Women’s ride-sharing startup Shebah embarks on $3 million equity crowdfunding campaign, after male VCs failed to get on board
Wednesday, February 13, 2019/
Women-only ride-sharing startup Shebah is launching a $3 million equity crowdfunding campaign to boost its tech and fuel overseas expansion, and to share the startup’s success with its community of supportive women.
Launched in 2017, Shebah saw 190% year-on-year growth in its user base, turning over $1.8 million in 2018.
Speaking to StartupSmart, founder and chief George McEncroe says the startup’s drivers and passengers are “the backbone of the company”, especially those that came on board early.
“I want to see our drivers and our passengers who stood by us enjoying the fruits of our labour,” she says.
“It would be interesting and fabulous to see [them] being able to grow with us and enjoy being shareholders too,” she adds.
“What a great thing for our women, to be able to have that in our hands.”
However, McEncroe also says she “experienced a fair bit of frustration from standard investment groups” that perhaps couldn’t see a need for Shebah’s services.
While she has had conversations with venture capitalists, they were largely fruitless. This is a new idea, and one that only serves women.
“A lot of people are shy of double-sided markets,” McEncroe says.
She also admits she’s not a “standard chief executive” with a background in education and comedy. However, the business is growing.
“I don’t want to sound like a whinger, but you can’t help but wonder, if this was affecting every bloke, would it be a different scenario?”
It can be difficult for men to connect to the startup on an emotional level, she suggests. For example, police advice for women is to sit in the back seat when they get into a cab.
“When we pitch, we have to explain what it’s like to sit in the back seat all the time,” she says.
“A lot of men don’t want to consider that their female counterparts experience anything less than equality,” she adds.
“It can hit a bit of a chord. It’s not a pleasant acknowledgement that there’s a need for this service.”
The funding will be used to help launch Shebah into its next phase of growth.
“We have two big, hungry beasts that need to be fed all the time — the tech and the marketing,” McEncroe says.
On the tech side, Shebah is looking into adding multiple options for child passengers, allowing parents to specify the age, height and size of a child, and saving drivers and passengers time talking about these logistical points on the phone.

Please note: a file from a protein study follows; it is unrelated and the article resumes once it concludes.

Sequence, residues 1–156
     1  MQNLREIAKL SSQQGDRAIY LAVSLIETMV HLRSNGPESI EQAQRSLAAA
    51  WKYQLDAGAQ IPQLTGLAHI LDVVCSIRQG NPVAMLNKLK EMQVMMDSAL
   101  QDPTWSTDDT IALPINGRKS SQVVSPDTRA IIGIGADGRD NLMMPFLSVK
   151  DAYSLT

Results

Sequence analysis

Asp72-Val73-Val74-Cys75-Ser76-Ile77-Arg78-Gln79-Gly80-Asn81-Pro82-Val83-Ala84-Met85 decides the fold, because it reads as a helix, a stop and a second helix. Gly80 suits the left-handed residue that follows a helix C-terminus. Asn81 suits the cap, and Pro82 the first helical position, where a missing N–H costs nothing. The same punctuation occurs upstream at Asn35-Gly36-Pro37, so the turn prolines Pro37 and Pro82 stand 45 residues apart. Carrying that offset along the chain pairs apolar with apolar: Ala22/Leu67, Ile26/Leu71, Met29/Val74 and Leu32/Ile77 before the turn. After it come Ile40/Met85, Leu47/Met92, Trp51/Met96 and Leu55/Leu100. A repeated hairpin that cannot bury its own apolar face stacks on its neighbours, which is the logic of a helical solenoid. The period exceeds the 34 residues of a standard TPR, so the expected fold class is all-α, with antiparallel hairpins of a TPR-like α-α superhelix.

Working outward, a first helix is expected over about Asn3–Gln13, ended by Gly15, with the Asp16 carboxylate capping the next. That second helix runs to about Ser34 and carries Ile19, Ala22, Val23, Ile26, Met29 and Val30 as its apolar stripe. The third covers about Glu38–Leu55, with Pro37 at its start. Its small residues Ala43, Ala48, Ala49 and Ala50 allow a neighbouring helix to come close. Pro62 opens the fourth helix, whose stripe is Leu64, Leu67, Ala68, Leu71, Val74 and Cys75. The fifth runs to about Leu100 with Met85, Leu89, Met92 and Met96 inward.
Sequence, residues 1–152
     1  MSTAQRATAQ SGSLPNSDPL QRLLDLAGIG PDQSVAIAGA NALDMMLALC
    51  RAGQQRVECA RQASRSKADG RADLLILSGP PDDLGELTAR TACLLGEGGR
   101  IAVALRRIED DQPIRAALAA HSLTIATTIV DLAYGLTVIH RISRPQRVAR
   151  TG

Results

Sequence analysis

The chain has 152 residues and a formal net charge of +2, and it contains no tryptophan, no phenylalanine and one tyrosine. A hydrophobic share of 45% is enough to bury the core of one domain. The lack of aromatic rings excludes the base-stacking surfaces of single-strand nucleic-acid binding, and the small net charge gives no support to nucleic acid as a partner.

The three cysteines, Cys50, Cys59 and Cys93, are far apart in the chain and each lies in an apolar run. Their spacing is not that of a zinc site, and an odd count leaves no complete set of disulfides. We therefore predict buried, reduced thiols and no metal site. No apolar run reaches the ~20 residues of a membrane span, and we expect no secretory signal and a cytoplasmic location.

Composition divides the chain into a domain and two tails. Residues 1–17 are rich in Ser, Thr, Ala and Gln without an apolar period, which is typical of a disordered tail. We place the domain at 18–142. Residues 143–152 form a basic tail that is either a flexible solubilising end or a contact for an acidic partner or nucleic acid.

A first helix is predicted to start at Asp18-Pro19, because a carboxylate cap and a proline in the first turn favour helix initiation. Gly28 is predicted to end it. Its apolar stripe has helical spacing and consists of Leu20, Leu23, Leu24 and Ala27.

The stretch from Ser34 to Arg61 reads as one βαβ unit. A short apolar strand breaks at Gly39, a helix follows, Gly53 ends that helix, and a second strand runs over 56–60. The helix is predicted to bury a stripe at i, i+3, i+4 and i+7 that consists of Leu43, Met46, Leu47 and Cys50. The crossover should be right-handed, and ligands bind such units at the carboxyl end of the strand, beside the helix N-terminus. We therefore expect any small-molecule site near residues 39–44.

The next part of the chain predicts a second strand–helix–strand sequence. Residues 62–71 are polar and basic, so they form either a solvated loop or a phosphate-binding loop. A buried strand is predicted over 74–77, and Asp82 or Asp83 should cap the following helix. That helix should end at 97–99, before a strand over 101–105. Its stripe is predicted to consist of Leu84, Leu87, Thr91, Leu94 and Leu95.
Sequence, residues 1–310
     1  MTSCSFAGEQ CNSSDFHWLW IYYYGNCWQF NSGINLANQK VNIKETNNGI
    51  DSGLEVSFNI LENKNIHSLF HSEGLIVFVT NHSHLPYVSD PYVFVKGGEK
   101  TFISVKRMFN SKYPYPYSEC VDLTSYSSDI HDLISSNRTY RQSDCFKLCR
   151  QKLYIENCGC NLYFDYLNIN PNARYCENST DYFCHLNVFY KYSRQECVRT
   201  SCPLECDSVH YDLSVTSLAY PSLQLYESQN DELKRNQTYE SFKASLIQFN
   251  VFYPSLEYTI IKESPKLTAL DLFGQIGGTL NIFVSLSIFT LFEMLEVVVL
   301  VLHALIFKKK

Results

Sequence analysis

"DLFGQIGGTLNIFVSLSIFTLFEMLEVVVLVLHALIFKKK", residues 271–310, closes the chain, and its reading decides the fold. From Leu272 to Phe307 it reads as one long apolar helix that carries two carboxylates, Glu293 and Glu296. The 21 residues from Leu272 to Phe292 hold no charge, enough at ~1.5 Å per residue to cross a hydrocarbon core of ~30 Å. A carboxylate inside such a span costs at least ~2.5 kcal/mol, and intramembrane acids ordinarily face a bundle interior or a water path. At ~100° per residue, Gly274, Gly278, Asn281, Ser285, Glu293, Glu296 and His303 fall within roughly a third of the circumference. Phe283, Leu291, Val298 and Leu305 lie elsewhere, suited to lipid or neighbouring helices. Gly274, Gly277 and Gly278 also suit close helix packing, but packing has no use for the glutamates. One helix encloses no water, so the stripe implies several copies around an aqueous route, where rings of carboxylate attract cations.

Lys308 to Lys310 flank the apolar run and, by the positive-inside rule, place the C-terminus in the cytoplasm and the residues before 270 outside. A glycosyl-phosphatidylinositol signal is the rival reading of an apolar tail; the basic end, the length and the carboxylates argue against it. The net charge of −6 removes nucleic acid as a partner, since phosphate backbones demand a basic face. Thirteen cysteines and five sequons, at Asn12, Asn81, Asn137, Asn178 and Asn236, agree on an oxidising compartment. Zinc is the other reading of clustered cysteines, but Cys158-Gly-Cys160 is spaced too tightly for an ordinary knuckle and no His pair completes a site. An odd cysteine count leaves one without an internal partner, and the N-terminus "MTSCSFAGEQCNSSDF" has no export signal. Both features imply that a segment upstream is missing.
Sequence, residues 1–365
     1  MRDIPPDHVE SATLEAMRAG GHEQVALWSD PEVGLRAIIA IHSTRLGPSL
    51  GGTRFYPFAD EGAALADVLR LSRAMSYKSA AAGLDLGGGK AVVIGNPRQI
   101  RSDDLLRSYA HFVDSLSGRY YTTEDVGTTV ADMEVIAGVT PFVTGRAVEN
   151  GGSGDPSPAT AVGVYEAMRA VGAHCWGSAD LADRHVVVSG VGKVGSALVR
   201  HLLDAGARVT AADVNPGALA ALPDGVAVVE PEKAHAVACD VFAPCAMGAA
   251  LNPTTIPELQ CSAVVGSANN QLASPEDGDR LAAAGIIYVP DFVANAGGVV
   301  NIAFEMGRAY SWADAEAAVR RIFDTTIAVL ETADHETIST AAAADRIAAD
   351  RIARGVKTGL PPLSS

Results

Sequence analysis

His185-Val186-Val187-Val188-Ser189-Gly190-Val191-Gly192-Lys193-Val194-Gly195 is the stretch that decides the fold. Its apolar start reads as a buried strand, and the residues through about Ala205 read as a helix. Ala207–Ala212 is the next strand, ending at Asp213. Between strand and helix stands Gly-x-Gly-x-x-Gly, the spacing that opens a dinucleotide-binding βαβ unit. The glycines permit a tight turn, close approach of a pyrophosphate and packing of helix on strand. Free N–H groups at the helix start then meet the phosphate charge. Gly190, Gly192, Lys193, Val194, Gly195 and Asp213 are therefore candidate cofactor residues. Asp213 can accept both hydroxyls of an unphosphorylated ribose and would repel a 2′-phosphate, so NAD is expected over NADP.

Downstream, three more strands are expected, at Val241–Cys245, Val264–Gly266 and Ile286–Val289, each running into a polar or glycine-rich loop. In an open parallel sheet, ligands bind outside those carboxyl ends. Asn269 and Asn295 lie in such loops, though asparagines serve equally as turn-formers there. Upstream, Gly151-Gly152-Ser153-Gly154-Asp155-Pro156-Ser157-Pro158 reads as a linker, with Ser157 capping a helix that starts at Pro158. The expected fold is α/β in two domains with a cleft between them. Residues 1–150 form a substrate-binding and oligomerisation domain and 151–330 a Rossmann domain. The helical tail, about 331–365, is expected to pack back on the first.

It is also hoping to implement a way for users to request special assistance requirements, “so we can do a really good job of caring for that person”, McEncroe says.
The plan is to “build great technology and then scream about it across the world”, she adds.
There are also plans to expand internationally, into “any country where women feel scared after dark”.
Initially, Shebah will head to New Zealand, where McEncroe hopes to go live in the second half of 2019, and in Malaysia, where there is already significant demand.
The business may be on the cusp of a serious growth spurt, but McEncroe herself still drives for Shebah every weekend.
“You get a really good, fresh perspective,” she says, including insight into the app and what works or doesn’t work for drivers.
“Everyone in the team has to use the app and be a driver,” she says.
“You can’t not know what the product is, what it’s like to drive, and to have someone cancel,” she adds.
Equally, drivers are encouraged to ride as passengers every now and then, to experience things from their point of view.
There are two sets of customers, McEncroe says.
“It’s a tricky balance, but you ignore either party at your peril.”
“Kick it to the curb”
McEncroe encourages other female startup founders to keep plugging away, and to find other female founders to connect with.
“You don’t have to know everything, you can ask other people,” she says.
“It’s okay to feel like you’re not doing very well.”
While there will always be naysayers and people telling you that you should have done things in a different way, McEncroe says it can be good to ask those people how many businesses they’ve started themselves.
“If the answer is none, finish your drink, go to the bathroom and catch up on some light reading, but don’t listen to them,” she advises.
While McEncroe acknowledges it can be difficult to keep believing in yourself, she says it can be easier when you’re clear on the problem you’re solving, and passionate about it.
When the vision is clear, founders can keep coming back and asking whether something is in line with the goals and aims of that vision. If it isn’t, “you can kick it to the curb”.
If you’re invested in your vision, “you take it really personally, and you worry about letting people down”, McEncroe says.
“But it also helps you see clearly when something is not right for you. So there’s an upside too.”
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